Maxwell Shukuya | Capital Public Radio
Just past the pale-blue marquee on Stockton Blvd. with its assemblage of crooked lettering and yellow tiles, there’s a smaller sign — or at least the outline of its stained neon tubes — that reads, “Cafe Colonial.”
Inside, past the bar, beyond a few regulars, there’s a passageway rimmed by band stickers leading to the cafe’s inner sanctum.
It’s a big, hot room with red walls filled with around 50 guys, and it smells like college — a subtle potpourri of oily comfort food, a hint of tobacco, maybe weed and the yeasty smell of light beer.
They sit in tight rows, hunched over multi-colored controllers leftover from a different decade, cemented in front of old, bulbous box TVs that murmur chirpy orchestral hits like “Dream Land 64” punctuated by the occasional shout.
This cadre of men and boys is trained to fight, to compete in Super Smash Bros. Melee, a nearly 17-year-old video game that was never meant to be competitive.
They’re stone-faced, plugged-in and still, except for their fingers, they dart in spasms — green, red, green, green, green — maneuvering the clunky devices like extended limbs.
Some are 14, even younger than the game itself, while others are in their 30s, raised on a healthy diet of early Nintendo.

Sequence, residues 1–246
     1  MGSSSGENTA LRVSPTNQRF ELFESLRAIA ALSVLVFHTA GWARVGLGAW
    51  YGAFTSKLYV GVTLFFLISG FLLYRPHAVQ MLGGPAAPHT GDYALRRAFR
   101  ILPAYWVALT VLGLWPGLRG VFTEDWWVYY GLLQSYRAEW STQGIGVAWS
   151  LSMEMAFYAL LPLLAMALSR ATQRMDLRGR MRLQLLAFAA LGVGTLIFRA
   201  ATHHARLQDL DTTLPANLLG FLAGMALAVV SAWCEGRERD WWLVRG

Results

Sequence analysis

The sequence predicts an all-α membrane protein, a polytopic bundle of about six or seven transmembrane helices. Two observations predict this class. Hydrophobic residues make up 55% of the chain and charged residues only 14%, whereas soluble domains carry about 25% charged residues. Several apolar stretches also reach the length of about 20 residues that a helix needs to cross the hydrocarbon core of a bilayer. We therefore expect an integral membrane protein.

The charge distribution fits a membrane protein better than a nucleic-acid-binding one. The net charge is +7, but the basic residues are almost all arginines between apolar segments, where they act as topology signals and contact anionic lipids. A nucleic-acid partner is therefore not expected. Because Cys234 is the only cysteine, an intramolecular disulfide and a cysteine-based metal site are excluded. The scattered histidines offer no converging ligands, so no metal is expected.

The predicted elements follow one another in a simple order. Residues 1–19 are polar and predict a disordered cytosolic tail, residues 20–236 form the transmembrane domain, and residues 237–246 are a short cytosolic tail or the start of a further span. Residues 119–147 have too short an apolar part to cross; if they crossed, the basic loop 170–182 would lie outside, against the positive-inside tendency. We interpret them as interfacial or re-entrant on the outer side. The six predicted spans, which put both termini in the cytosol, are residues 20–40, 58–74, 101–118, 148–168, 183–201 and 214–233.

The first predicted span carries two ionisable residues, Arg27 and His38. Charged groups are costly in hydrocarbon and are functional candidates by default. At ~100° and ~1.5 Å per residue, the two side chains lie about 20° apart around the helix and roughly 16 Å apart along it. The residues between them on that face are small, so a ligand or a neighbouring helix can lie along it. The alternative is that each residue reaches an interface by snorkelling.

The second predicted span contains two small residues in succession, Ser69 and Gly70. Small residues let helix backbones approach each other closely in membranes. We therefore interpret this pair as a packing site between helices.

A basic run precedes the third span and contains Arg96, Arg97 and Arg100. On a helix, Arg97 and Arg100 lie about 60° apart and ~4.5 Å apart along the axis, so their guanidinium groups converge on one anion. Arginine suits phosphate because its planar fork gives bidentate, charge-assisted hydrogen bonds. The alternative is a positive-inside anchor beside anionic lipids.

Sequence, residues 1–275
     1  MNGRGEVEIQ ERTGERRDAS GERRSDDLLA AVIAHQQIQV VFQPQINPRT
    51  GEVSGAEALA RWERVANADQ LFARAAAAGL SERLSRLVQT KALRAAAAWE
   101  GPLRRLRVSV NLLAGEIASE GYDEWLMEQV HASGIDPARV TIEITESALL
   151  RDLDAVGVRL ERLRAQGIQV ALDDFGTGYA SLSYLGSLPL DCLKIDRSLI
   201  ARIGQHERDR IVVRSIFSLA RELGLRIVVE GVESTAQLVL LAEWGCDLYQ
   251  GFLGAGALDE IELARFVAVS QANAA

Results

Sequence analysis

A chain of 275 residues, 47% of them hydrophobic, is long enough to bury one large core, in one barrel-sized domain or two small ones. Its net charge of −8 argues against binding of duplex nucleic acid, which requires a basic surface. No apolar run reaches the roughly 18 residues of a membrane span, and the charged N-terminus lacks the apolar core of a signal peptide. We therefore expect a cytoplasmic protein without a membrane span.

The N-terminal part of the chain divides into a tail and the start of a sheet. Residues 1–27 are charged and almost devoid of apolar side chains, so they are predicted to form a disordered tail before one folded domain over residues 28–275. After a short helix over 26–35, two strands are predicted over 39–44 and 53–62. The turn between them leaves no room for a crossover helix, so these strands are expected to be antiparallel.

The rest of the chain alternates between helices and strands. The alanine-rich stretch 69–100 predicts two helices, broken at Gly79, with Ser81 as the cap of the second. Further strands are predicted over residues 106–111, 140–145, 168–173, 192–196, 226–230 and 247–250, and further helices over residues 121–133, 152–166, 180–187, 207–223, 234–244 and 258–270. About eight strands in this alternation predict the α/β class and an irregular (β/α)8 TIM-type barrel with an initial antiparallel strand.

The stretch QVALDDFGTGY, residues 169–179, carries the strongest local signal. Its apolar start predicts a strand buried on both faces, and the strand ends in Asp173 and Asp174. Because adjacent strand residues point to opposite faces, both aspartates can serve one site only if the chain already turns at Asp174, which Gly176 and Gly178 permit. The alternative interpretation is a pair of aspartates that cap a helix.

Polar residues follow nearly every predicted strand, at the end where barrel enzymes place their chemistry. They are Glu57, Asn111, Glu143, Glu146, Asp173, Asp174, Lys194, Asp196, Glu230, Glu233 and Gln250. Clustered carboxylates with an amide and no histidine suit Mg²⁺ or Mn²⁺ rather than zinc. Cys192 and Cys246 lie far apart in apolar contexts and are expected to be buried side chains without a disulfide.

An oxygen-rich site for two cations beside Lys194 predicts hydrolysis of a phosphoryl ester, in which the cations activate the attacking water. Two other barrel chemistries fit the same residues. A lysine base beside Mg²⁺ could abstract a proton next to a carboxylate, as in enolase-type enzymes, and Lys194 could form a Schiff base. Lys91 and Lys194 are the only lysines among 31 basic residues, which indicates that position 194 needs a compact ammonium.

Why spend days, even years, on an outdated game? And why show up to play it in some hot bar in Oak Park?
In Smash, you’re forced to battle in-person, not from behind your keyboard, and unlike a controversial game like League of Legends with its fair share of haters, Smash is lauded as a classic.
“It’s almost like a drug… I don’t know when it clicked for me, but all of a sudden I just couldn’t drop the game,” says Michael Pigford, one of Sacramento’s top Smash players, also known as Smashers.
Thousands, from the U.S. all the way to Japan, would agree with Pigford.
Competitive Melee is a big deal in Sacramento and worldwide, with prize pools as high as $50,000. Though at first glance, it’s hard to see why there's such a fuss for a game so old, players organize Smash’s history into distinct periods (luckily, we’re out of the 2008 Smash Dark Age).
In tournaments, two-play characters from across the Nintendo universe to battle on themed stages. Some matches it’s Pikachu and Princess Peach tumbling across an island in the sky backdropped by rainbows, other times it’s atop a floating purple octagon in space.
It’s like a Harry Potter/Star Wars mash-up but for gamers.
It's two worlds colliding in some massive wizard-filled space opera, wherein Voldemort and Darth Vader conspire to take down not just the wizarding world but the whole galaxy. For Nintendo lovers, that’s what Smash is: a delicious fusion universe with all their childhood heroes.
But the objective remains simple. Mash buttons fast enough, strategically enough to knock, launch and kick your adversary, say Pikachu, off the flowery island and high into the rainbow-filled sky where he’ll fall off the screen and die in an eruption of sweet, sweet volcanic flame.
But underneath the oversaturated, playful two-dimensional surface, there is a myriad of complicated techniques or “techs” — wavedashing, chain grabbing, dash-canceling — which involve complicated button strokes that take weeks, even months to learn.
And that’s why people are playing this game 17 years later. Unlike many fighting games, players are still coming up with new techs.
“That’s the concept of the game, how deep it goes and how much you can really speak your own language when you’re playing … It’s you on the screen,” says Josh Gagne, who’s played competitive smash for more than 10 years.